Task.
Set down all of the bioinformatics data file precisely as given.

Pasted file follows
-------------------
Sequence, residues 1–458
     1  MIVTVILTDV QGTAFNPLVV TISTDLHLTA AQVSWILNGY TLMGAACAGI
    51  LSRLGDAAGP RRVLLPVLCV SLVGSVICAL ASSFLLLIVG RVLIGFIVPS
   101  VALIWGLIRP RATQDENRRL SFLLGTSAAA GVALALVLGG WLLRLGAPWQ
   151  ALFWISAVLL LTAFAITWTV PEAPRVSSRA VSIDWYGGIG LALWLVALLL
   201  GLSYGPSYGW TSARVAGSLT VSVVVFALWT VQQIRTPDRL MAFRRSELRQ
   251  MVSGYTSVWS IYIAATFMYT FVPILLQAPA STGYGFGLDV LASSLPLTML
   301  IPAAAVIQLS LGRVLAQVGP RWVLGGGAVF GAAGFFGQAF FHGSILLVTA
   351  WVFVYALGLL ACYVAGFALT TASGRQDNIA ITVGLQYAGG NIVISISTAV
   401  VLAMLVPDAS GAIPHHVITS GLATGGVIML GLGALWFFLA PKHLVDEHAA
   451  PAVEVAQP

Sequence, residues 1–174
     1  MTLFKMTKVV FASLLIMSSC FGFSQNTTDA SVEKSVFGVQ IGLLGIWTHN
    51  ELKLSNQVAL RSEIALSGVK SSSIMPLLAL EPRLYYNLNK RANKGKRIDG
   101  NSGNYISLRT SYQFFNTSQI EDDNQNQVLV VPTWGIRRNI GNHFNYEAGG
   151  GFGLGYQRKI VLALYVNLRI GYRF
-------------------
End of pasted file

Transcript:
Sequence, residues 1–458
     1  MIVTVILTDV QGTAFNPLVV TISTDLHLTA AQVSWILNGY TLMGAACAGI
    51  LSRLGDAAGP RRVLLPVLCV SLVGSVICAL ASSFLLLIVG RVLIGFIVPS
   101  VALIWGLIRP RATQDENRRL SFLLGTSAAA GVALALVLGG WLLRLGAPWQ
   151  ALFWISAVLL LTAFAITWTV PEAPRVSSRA VSIDWYGGIG LALWLVALLL
   201  GLSYGPSYGW TSARVAGSLT VSVVVFALWT VQQIRTPDRL MAFRRSELRQ
   251  MVSGYTSVWS IYIAATFMYT FVPILLQAPA STGYGFGLDV LASSLPLTML
   301  IPAAAVIQLS LGRVLAQVGP RWVLGGGAVF GAAGFFGQAF FHGSILLVTA
   351  WVFVYALGLL ACYVAGFALT TASGRQDNIA ITVGLQYAGG NIVISISTAV
   401  VLAMLVPDAS GAIPHHVITS GLATGGVIML GLGALWFFLA PKHLVDEHAA
   451  PAVEVAQP

Sequence, residues 1–174
     1  MTLFKMTKVV FASLLIMSSC FGFSQNTTDA SVEKSVFGVQ IGLLGIWTHN
    51  ELKLSNQVAL RSEIALSGVK SSSIMPLLAL EPRLYYNLNK RANKGKRIDG
   101  NSGNYISLRT SYQFFNTSQI EDDNQNQVLV VPTWGIRRNI GNHFNYEAGG
   151  GFGLGYQRKI VLALYVNLRI GYRF